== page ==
Depending on who you talk to, the idea of making pickup trucks out of aluminum is an idea that could catch on with truckmakers, resulting in as many as 7 out of 10 trucks being made from aluminum during the next few decades.
According to The Detroit News, marketing research firm Ducker Worldwide is predicting that once the 2015 Ford F-150 debuts and works out the bugs with dealerships and the auto repair industry, other truckmakers will likely to follow suit. In fact, a recent study by Ducker suggests that by 2025 as many as 7 in 10 pickup trucks made for the U.S. could be made completely or substantially from the lighter alloy.
The study was commissioned by the Aluminum Transportation Group, an organization dedicated to promoting the use of aluminum in new production areas. The Detroit News noted that members of the Steel Market Development Institute (you can guess where their biases lay) think more advances are likely to be made with less-expensive advanced high-strength steels. What a surprise.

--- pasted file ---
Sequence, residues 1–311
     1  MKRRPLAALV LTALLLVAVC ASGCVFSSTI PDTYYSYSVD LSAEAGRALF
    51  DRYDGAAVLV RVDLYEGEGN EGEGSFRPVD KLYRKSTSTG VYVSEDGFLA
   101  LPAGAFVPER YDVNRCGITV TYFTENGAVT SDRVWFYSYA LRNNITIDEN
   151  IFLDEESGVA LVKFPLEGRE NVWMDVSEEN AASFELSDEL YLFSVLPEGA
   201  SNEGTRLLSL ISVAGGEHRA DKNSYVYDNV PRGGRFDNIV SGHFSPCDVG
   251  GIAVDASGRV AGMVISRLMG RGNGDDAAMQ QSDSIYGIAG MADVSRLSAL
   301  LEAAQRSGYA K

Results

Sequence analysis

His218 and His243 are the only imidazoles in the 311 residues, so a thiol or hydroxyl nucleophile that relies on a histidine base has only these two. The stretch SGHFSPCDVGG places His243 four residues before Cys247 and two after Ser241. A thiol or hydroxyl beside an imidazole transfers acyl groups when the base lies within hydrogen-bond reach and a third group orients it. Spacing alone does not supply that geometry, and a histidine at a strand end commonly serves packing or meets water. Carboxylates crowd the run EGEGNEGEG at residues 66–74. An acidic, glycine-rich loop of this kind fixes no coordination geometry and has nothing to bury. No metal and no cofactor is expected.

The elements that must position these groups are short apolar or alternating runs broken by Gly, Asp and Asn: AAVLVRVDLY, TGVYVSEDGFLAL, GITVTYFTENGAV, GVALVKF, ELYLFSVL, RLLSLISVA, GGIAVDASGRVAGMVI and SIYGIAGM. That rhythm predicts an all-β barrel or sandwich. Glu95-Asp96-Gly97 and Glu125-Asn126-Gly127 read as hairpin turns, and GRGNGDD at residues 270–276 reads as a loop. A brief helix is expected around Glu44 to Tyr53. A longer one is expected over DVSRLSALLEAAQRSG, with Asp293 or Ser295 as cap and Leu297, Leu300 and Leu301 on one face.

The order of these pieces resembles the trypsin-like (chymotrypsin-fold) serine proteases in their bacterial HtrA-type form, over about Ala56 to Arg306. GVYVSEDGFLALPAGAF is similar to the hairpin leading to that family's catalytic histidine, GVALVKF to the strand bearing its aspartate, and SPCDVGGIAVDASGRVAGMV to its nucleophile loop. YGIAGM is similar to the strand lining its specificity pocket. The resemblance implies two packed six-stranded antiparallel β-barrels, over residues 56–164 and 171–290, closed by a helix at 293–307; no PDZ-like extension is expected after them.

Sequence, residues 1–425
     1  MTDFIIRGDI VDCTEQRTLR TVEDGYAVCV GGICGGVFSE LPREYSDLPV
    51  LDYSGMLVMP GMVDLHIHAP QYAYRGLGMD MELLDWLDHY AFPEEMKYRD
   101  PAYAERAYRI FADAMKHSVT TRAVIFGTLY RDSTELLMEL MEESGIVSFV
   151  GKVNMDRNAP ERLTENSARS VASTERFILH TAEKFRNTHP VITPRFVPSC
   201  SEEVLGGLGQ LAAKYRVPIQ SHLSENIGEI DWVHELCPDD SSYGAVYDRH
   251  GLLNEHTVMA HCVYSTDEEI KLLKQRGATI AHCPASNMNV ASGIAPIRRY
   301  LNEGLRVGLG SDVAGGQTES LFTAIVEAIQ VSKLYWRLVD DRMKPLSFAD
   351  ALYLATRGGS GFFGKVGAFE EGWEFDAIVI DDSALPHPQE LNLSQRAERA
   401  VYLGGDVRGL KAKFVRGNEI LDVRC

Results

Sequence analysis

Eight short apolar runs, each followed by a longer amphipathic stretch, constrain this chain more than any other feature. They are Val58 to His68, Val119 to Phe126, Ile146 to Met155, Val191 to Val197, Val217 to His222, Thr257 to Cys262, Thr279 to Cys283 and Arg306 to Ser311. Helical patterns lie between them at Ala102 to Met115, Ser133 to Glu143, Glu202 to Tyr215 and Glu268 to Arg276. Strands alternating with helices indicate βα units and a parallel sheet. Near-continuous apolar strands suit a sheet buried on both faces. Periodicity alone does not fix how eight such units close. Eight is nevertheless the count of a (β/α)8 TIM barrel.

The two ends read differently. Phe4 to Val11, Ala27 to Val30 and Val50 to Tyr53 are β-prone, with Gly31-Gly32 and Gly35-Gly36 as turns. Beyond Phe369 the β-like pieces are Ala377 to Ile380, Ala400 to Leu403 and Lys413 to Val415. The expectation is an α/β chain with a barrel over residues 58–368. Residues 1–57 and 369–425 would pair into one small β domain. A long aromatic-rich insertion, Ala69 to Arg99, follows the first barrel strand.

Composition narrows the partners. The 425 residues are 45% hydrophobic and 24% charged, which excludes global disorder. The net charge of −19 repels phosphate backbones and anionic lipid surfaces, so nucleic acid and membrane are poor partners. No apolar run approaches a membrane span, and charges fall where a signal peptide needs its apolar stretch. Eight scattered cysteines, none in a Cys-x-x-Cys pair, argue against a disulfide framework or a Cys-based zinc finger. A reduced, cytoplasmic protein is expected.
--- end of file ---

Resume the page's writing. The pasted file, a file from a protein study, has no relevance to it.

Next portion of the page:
All of this speculation about the use of more lightweight materials is motivated by the aggressive federal fuel-efficiency targets full-size pickups (those with a gross vehicle weight rating less than 8,500 pounds) will have to meet in the near future. Now that Ford is pushing the industry, it makes sense that others are likely to follow. Making vehicles lighter will naturally help improve a vehicle's EPA fuel economy numbers, but there are many other ways pickup truck makers can help their average fuel economy as well. Look for more less conventional solutions coming down the road, as well.
Cars.com image by Mark Williams